“The truth of the case is that I was more of a ‘facilitator’ than a ‘distributor.’ I learned that if I purchased a quantity of marijuana, rather than just a ‘dime’ bag I could satisfy my desire to smoke, get money back with a small profit and provide a familiar and trustworthy source of the marijuana to my friends and associates.”
Although he admits to distributing marijuana, his initial interest in the substance was medical:
“The marijuana helped to relieve my physical problems and it helped me to cope with my condition mentally as well. … The marijuana supplied some measure of relief from the pain, spasms and depression. I was on disability and the funds to purchase the marijuana were very scarce.”
A pair of prior convictions contributed to Pelletier’s life sentence and, according to Curtis, mandatory minimum sentencing laws had changed between his previous convictions and his third, leaving Pelletier unprepared for his steep sentence.
Two prisoners supported by Curtis were among those selected for release this month: Charles Cundiff and William “Billy” Ervin Dekle, a 65-year-old Marine Corps veteran arrested in the 1990s for smuggling marijuana into Florida by air.
Steve Nelson described Cundiff’s case for U.S. News and World Report last week:
“The former construction and nursery worker’s life sentence began in 1992 after he was busted attempting to buy marijuana. He was charged with conspiracy and, despite prior convictions for growing or possessing marijuana, chose to go to trial. Others took plea deals and got less time.”
Although Cundiff, who is now 69 and fighting skin cancer and recovering from a debilitating back surgery, was granted clemency, his release has been delayed for a year. It’s unclear why there’s a delay when others will get out more immediately, but Curtis told Nelson she’s grateful he’s getting out at all:
“‘When the alternative was dying chained to a hospital bed, it puts it in a little different context,’ she says of the one-year delay for Cundiff. ‘If I didn’t know there were so many [inmates] in that situation who weren’t going to get out at all, I would probably protest the one-year wait.’”
‘Anxious’ prisoners await their fates
Time is running out to fix the system that even former Attorney General Eric Holder described as “broken” in 2013. Initially announcing that as many as 10,000 prisoners might be eligible for Obama’s clemency program, according to The Washington Post on Dec. 5, other Justice Department officials now claim “the number is closer to 1,000 or 2,000.”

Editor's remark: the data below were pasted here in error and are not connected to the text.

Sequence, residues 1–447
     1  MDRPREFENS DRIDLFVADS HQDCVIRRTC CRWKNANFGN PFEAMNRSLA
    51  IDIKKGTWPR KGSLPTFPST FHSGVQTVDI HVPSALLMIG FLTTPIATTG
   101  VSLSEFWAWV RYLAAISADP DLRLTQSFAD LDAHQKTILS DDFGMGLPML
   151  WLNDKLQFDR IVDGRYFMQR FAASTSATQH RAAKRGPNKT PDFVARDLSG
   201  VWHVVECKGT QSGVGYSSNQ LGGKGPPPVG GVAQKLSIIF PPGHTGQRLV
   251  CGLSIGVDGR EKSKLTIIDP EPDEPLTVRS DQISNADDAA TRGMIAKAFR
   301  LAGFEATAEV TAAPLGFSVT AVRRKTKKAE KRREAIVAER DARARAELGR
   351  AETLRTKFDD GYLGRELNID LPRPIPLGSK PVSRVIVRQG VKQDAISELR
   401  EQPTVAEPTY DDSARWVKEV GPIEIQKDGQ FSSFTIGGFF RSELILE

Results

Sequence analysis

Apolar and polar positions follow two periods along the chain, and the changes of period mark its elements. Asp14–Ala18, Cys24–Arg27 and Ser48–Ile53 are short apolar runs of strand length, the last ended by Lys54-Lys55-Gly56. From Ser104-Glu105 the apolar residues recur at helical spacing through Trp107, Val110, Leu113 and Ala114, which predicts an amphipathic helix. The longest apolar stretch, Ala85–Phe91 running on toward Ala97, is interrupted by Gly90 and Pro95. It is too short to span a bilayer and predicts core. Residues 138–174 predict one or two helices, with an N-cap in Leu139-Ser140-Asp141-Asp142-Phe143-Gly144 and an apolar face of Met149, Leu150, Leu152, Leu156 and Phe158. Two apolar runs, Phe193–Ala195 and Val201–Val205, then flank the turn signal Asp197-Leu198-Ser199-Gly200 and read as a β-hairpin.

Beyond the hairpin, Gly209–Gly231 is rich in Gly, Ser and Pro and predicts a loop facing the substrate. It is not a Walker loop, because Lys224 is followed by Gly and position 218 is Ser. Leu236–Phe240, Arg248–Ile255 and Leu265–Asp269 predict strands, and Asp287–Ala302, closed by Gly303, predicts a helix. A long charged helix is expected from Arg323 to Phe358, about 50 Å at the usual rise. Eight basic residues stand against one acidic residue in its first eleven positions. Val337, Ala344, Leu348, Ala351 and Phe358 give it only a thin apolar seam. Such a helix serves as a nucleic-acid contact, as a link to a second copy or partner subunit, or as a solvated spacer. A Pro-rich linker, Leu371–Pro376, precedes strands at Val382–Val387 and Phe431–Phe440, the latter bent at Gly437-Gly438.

Clemency Project 2014, the working group of lawyers and advocates that’s defended prisoners like Pelletier, has struggled to cope with a massive wave of petitions. According to the Post, “[m]ore than 33,000 prisoners — about 15 percent of the federal prison population — applied for clemency.”
For the prisoners who remain inside like Knock and Pelletier, Curtis told MintPress it can be hard to maintain hope as the clock runs out on Obama’s term in office. “The rest of them wait for attorneys,” she told MintPress. “There’s almost no way for them to find out their progress.”
Many of the prisoners are trying to file their own petitions, she said, rather than waiting for the Clemency Project. “They’re all pretty anxious.”
For Armentano, of NORML, it’s a sign that deeper reforms are needed to end the suffering of thousands of nonviolent marijuana prisoners of the drug war. “This administration clearly recognizes that the present enforcement of marijuana prohibition and marijuana criminalization is out of step with both public opinion and common sense,” he told MintPress.
Unfortunately, he continued, “nothing this administration has done purports to bring about a long-term solution to marijuana policy.”
“In fact, none of the proposals and none of the actions made by this administration will extend beyond the length of this administration.”
“Without a change in federal law, it is going to be business as usual when it comes to the prioritization and enforcement of marijuana prohibition,” he warned.